Farewell for now
By val on Sep 21, 2004
I learned a few things over the past few months. Sun is a great working environment; most other companies score much higher on the Dilbert scale. Which explains why I know so many people who left Sun and then came back a few years later (an option I will consider). After deciding I wanted to quit, I stopped doing all the things I didn't want to do - and ended up being more productive. Finally, a little patience (and negotiating skill) will go a long way (unfortunately, these are two qualities I am notoriously short on).
I feel lucky to have had the chance to work on ZFS. It really is a groundbreaking new file system - and so easy to use. Now I just hope that it gets ported to Linux soon, so I can use it.
I may start a new weblog; if so, it will be linked to from my home page:
After leafing through the stack of computer science papers on my desk, looking for one last systems paper to talk about, I find I can't pick just one. Here for your reading enjoyment, then, are four of my favorite systems papers.
Aside from the awful title, this is a fantastic paper. The authors managed to automate (in a practical, easy-to-understand manner) checking for common, simple bugs such as forgetting to drop a lock on error exit from a function. They found many bugs in widely-used real world systems with relatively little human effort. I've seen their stuff in action; it's good. And as usual for an Engler paper, it's well-written and a pleasure to read.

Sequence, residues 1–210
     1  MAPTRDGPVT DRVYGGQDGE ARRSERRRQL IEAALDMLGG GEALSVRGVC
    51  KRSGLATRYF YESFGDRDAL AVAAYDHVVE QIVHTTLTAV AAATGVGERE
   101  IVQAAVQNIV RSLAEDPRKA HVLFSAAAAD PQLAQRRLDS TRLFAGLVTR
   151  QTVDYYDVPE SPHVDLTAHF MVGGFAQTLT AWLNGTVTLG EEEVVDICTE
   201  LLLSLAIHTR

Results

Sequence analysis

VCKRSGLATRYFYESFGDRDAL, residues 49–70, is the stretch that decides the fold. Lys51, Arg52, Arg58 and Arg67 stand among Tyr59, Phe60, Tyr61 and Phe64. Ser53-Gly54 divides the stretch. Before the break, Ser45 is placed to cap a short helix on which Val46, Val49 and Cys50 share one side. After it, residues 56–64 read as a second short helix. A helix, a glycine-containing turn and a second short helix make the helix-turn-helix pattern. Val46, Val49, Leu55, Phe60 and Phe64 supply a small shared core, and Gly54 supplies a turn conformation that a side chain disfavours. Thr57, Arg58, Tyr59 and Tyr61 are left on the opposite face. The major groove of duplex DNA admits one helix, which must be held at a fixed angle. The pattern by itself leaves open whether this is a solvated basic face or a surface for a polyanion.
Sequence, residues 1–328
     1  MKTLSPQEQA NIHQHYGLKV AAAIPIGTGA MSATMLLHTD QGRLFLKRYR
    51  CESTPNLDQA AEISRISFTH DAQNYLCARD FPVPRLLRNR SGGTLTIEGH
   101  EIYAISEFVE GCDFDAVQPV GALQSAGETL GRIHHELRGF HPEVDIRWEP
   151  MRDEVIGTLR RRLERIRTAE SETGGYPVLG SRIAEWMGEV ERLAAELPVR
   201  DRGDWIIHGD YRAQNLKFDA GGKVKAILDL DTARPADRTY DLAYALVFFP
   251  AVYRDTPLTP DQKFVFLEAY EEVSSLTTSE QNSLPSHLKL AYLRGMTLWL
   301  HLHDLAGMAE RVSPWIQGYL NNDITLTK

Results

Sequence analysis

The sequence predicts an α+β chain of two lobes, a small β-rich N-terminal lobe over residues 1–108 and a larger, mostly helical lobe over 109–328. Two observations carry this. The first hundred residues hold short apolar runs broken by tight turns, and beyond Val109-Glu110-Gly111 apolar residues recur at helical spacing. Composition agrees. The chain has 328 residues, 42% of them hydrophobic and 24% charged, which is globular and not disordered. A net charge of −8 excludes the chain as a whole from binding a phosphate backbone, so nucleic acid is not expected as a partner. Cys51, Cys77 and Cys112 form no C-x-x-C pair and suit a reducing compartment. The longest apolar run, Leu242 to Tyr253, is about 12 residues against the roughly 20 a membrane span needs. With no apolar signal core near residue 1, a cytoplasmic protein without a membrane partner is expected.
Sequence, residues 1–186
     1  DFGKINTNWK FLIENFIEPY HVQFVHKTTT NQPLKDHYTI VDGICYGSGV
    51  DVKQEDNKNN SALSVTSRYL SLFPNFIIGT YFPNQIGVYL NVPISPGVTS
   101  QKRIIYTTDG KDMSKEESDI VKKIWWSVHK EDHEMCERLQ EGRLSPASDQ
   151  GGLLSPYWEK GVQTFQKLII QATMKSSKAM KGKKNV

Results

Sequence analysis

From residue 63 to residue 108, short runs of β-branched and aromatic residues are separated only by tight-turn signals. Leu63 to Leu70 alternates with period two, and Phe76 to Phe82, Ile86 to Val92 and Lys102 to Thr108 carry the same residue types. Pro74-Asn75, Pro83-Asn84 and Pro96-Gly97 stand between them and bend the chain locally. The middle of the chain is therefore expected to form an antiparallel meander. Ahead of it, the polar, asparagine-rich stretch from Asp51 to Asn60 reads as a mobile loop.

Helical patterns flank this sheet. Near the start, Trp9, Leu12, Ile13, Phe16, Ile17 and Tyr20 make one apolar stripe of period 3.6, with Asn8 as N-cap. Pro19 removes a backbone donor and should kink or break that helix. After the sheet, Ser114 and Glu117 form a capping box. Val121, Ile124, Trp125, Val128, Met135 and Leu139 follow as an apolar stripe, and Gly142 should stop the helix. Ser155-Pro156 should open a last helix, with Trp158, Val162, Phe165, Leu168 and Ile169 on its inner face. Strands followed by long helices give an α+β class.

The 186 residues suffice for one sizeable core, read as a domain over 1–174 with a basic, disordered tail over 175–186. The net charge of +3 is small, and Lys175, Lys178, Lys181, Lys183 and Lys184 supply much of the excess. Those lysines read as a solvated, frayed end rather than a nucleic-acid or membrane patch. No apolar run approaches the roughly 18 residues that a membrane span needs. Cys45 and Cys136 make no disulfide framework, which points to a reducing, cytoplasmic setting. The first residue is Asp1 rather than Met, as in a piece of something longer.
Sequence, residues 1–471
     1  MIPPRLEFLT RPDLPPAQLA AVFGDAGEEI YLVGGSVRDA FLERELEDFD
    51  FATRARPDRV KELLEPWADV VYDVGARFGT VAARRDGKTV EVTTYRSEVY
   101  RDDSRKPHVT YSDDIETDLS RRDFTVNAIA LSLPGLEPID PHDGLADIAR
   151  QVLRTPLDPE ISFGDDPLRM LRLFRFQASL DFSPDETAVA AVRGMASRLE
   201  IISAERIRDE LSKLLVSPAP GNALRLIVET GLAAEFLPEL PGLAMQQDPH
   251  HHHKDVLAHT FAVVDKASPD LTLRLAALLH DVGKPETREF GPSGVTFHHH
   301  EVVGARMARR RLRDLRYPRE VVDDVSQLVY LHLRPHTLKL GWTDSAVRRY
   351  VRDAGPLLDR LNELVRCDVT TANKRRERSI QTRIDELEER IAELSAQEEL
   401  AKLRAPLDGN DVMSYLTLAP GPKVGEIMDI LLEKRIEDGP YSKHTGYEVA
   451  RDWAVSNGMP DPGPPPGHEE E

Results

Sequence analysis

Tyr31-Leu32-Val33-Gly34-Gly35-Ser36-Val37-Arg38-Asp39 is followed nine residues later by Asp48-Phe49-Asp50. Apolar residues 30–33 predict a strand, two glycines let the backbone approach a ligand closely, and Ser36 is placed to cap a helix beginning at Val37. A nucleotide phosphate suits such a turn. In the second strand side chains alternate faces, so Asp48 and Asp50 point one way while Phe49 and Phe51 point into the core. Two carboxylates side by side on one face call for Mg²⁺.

Don't you hate it when your laptop's screensaver starts up in the middle of a presentation? Angela Dalton and Carla Ellis explore using low-power sensors to make power-saving smarter. Angela had a great demo at HotOS: a laptop with attached camera that turned off the display when no human face was visible. All day long, I saw people sitting in front of a laptop and then suddenly ducking to the side, again and again, testing her demo. I like that they are taking a creative new approach to power-saving, instead of fiddling with timeouts and mathematical models.
Lots of research has been done with the idea that users will annotate files with performance hints using some obscure system-specific interface (yeah, right!). In this paper, Daniel Ellard shows that programs are already giving the system useful performance hints - by the names they give to files. Even more exciting, filename patterns and usage patterns can be automatically correlated by a modeler program.
I don't really need to describe this paper, do I? I just wanted to explain why I like this paper so much. Many people have tried write a distributed file system that is correct, generic, and performs well in all cases - and are still trying. What I like about GFS is that they picked a very specific problem (large scale distributed processing using a queuing system) and solved it in a specific way.
I hope you enjoyed the Confessions; thanks for reading!